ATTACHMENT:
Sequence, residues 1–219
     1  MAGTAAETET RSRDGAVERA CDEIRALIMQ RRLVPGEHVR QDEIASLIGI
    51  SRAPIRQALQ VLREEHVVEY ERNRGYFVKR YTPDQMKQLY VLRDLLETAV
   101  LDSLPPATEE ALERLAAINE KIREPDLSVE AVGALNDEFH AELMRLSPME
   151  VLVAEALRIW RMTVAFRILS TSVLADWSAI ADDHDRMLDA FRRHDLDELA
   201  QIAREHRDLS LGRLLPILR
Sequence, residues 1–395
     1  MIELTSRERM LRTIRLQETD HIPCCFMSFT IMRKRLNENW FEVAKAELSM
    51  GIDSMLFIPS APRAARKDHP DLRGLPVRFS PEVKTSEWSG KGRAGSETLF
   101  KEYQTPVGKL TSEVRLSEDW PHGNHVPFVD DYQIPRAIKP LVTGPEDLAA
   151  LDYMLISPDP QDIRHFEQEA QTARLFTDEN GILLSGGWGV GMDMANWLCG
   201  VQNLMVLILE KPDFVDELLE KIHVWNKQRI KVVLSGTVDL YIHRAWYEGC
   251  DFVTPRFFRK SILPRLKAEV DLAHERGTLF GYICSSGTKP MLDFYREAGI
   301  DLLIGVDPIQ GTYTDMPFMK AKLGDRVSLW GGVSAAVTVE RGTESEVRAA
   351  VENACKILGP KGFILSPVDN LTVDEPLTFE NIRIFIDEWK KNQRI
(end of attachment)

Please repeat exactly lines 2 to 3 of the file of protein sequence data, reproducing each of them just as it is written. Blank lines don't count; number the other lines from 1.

     1  MAGTAAETET RSRDGAVERA CDEIRALIMQ RRLVPGEHVR QDEIASLIGI
    51  SRAPIRQALQ VLREEHVVEY ERNRGYFVKR YTPDQMKQLY VLRDLLETAV